Closing the book on the largest terrorism trial in American history, a federal court yesterday sentenced Sheikh Omar Abdel-Rahman to life imprisonment for his role as the leader of a foiled plot to bomb prime landmarks in New York.
Also sentenced to long jail terms last night were nine followers of the sheikh, including El Sayyid Nosair, who was also sent to prison for life for his part in the plot and for killing militant Rabbi Meir Kahane in a Manhattan hotel in 1990.
All 10 men were convicted last October of preparing what prosecutors termed a "war of urban terrorism" in the city, specificially by conspiring to blow up targets such as the United Nations tower, the George Washington Bridge and the Holland Tunnel.
Abdel-Rahman, 57, a blind Egyptian cleric, who was identified as the spiritual leader of the group, was also convicted in the trial of trying to orchestrate the assassination of Egyptian President, Hosni Mubarak. That alone implied a mandatory sentence of life imprisonment.
The eight other men, all of whom were sentenced separately under unusual security arrangements and immediately transported to different federal prisons last night, received sentences raging from 25 to 57 years. In appeals for leniency to Judge Michael Mukassey, all pleaded innocence.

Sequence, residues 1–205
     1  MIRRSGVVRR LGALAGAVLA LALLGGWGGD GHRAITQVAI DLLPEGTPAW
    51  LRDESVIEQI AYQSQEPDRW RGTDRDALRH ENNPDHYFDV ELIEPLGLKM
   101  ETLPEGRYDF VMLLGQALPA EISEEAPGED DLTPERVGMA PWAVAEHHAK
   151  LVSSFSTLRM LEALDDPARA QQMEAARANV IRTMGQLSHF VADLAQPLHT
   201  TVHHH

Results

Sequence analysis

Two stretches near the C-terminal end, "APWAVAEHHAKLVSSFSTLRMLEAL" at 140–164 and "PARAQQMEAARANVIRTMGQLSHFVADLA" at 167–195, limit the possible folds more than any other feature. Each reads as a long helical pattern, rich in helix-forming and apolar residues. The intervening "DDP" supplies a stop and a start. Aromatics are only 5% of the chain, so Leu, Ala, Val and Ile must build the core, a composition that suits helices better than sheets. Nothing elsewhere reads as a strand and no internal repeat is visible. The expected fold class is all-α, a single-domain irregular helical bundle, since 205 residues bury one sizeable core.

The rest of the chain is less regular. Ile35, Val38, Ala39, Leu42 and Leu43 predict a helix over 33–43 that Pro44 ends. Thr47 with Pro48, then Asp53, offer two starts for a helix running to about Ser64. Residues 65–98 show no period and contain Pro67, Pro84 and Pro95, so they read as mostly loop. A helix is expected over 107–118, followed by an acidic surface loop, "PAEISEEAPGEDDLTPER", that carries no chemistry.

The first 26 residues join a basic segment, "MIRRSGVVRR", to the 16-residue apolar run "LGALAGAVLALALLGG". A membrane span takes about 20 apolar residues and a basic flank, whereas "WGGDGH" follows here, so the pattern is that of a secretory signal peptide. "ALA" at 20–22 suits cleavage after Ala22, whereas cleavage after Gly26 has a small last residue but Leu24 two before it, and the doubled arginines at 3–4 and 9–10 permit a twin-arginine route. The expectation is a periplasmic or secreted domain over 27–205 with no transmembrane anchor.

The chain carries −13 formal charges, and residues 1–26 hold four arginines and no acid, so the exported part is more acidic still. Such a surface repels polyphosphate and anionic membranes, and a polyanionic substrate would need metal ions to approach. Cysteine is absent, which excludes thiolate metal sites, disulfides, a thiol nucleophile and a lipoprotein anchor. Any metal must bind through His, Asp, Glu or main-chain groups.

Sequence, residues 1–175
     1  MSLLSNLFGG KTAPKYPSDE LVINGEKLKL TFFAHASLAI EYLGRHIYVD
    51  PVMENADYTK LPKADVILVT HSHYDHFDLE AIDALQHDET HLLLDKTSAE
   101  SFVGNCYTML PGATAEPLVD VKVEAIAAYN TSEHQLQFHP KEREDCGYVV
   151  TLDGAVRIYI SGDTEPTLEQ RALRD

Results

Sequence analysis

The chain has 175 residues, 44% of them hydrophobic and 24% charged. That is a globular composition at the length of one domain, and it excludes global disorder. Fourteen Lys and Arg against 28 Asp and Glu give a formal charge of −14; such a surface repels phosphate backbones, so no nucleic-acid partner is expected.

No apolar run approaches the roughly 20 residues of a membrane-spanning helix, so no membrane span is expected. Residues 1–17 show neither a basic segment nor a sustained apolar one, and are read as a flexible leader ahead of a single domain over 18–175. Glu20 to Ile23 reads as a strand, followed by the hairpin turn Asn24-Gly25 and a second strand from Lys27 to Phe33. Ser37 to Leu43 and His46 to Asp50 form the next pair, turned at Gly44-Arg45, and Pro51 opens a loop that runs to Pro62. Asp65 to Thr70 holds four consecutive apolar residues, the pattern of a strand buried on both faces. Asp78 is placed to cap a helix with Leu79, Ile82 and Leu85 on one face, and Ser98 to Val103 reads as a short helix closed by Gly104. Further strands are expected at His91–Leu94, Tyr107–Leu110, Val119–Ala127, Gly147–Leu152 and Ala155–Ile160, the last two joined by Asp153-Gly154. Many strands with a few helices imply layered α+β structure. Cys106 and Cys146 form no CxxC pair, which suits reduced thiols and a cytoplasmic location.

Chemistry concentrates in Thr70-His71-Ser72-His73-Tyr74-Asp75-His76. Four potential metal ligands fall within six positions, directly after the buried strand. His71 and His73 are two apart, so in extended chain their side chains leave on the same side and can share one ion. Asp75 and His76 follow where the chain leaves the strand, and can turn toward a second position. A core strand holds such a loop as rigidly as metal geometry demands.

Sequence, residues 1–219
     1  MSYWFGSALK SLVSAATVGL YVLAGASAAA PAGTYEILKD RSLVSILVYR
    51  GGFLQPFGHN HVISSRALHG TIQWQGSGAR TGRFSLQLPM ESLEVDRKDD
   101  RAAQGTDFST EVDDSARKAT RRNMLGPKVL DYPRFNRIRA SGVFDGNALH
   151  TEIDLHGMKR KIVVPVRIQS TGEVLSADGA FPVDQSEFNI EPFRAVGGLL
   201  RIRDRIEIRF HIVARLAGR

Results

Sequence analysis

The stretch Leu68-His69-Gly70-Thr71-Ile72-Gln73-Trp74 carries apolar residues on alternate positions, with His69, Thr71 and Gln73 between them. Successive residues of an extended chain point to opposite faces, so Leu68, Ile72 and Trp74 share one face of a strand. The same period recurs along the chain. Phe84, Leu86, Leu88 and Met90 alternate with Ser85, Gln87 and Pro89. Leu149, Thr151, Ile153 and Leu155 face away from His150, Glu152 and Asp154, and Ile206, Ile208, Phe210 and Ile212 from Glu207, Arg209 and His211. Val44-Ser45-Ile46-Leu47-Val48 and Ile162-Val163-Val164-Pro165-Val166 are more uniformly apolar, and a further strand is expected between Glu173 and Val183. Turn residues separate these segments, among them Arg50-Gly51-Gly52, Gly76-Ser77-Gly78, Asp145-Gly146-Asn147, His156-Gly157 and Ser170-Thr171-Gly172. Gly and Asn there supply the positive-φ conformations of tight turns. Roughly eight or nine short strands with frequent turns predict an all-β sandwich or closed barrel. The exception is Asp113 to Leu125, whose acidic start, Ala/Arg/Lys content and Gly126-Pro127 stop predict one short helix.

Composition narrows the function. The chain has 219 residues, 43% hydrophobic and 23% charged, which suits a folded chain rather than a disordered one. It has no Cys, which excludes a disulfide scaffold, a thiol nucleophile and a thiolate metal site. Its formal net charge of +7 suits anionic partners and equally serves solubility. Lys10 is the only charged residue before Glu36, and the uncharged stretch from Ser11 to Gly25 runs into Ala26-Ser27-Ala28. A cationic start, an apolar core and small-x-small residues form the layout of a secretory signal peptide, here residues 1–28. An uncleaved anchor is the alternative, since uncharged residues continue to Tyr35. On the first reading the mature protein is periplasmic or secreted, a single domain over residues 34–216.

The sentencing came two years after four others were convicted and imprisoned for the 1993 World Trade Center bombing. The 10 in court yesterday were accused of being part of the Twin Tower plot but were not specifically charged with it.
Nosair claimed that they were none the less being forced to pay for the Trade Center bombing. "Because of the boming of the World Trade Center, the government made up this case," he protested to the judge.
The sentences were decried by Mohammed Mehdi, the president of the American- Arab Relations Committee. "It seems America has a need for foreign villains," he said. "With the demise of communism, Islam is the candidate. The trial was really a show to intimidate the American Muslims.''
Those sentenced yesterday with the sheikh and Nosair were Moahammed Saleh, 35; Fadil Abdelghani, 25; Tarig Elhassan, 35; Fares Khallafalla, 30; Amir Abdelgani, 30; Victor Alvarez, 35; Clement Hampton El, 35; and Ibrahim Elgabrowny, 57.
The sentencing prompted unusual security arrangements at the downtown Manhattan court with scores of police on the streets outside it wearing bullet-proof vests and carrying semi-automatic weapons.
Among those who pleaded innocence was Saleh, who said he had come to the US to finish his college degree and raise five children. He was given the maximum sentence by the judge, who said he had committed a "monstrous crime".Reuse content